The material installation, SMULD probes at the architectural possibilities of wood.

Natural Material Studio, Office Kim Lenschow, Nikolaj Bonde

A collaboration between Office Kim Lenschow and Natural Material Studio, SMULD is an architectural installation that explores new materials based on natural wood binders and sawdust from the Dinesen sawmill in Jels.

Newly opened at the Dinesen showroom gallery in Copenhagen, SMULD invites visitors into an immersive spatial setting that focuses on four new, bio-based building materials derived from sawdust. The space functions as a portal, leading visitors through the four different material studies, unpacking the aesthetics and structure found in sawdust via a sensory experience.

The Danish title ‘SMULD’ translates to all the small wood shavings and leftovers from wood working. The installation is based on nearly two years of material research into the utilisation of different types of sawdust from Dinesen - from fine dust to wood chips - the research has been investigating several material directions before zooming in on the four most promising.

Natural Material Studio, Office Kim Lenschow, Nikolaj Bonde

Natural Material Studio, Office Kim Lenschow, Nikolaj Bonde

Natural Material Studio, Office Kim Lenschow, Nikolaj Bonde

Natural Material Studio, Office Kim Lenschow, Nikolaj Bonde

Natural Material Studio, Office Kim Lenschow, Nikolaj Bonde

Natural Material Studio, Office Kim Lenschow, Nikolaj Bonde

Taking both an aesthetic and technological approach to the material, the exhibition explores new possibilities of sawdust within architecture - exhibiting its flexible, insulating, translucent and structural qualities.

“The wood and timber industry is predicted to play an important role as we transition the way we build to meet planetary boundaries. If we are to believe that wood can be a path towards a more sustainable solution, we must be careful to utilise the entire tree trunk, from planks and offcuts to shavings, sawdust, and dust.

"We must also ensure that the materials we develop and use are circular. One way to work with this is by ensuring that the material binder can dissolve without the use of chemicals. We have ensured this by only using the inherent binders of wood itself”, comments Bonnie Hvillum of Natural Material Studio and Kim Lenschow of Office Kim Lenschow.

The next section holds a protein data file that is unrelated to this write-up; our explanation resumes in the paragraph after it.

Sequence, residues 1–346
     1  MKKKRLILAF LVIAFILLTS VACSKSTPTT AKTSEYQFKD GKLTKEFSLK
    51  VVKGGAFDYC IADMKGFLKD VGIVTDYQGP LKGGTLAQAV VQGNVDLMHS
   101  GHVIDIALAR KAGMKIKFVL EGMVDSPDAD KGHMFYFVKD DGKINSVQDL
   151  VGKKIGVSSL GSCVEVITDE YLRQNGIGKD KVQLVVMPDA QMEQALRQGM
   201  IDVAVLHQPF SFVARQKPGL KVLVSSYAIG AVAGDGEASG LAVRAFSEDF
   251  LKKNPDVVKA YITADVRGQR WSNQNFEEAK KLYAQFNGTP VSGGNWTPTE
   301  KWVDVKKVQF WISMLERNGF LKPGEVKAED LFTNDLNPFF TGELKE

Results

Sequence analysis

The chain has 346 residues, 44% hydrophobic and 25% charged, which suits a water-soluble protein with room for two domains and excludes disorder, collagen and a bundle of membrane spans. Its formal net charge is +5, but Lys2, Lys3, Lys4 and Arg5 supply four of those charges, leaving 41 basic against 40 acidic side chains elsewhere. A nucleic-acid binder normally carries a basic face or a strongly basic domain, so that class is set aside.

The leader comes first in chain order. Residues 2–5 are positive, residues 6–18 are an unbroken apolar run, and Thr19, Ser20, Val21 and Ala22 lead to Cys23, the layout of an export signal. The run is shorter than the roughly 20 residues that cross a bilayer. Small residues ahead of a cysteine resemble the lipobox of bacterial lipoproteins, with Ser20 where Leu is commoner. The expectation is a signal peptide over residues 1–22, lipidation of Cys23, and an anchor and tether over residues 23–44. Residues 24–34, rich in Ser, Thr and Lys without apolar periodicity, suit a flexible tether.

The first portal consists of finely sifted wood plaster and planer shavings cast in a mixture of natural latex. The material opens up possibilities of working with wood as a flexible textile - expanding common areas of use.

The second portal is a sawdust plaster, consisting of fine sawdust and cellulose plastered onto wood fibre insulation. The material explores the possibility of optimising wall layering.

The third portal exhibits finely sifted wood plaster and planer shavings, cast as a liquid mass into paper-thin sheets. The material’s semi-translucent surface allows light to flow through - drawing reference to traditional Japanese shoji.

Natural Material Studio, Office Kim Lenschow, Nikolaj Bonde

Natural Material Studio, Office Kim Lenschow, Nikolaj Bonde

Natural Material Studio, Office Kim Lenschow, Nikolaj Bonde

Natural Material Studio, Office Kim Lenschow, Nikolaj Bonde

Natural Material Studio, Office Kim Lenschow, Nikolaj Bonde

Natural Material Studio, Office Kim Lenschow, Nikolaj Bonde

Demonstrating the material's structural qualities, within the fourth portal, the panels are cast with a lignin binder in collaboration with the Danish Technological Institute. The material is the first attempt at a structural wood fibre panel with a natural binder, aiming for an aesthetically compelling surface, directly applicable in contemporary architecture.

Through the shared aim of expanding our perception of wood, the architectural practice Office Kim Lenschow and the creative studio Natural Material Studio - both based in Copenhagen - continue to learn from one another's approaches to material investigation. Kim Lenschow of Office Kim Lenschow comments, this collaboration "opens up completely new possibilities and expands the role of the architect from not only holding the desk work but also being the one carrying out research, innovation and material research.

"Learning and collaborating blurs the lines and reinforces a much stronger material understanding when building the future.”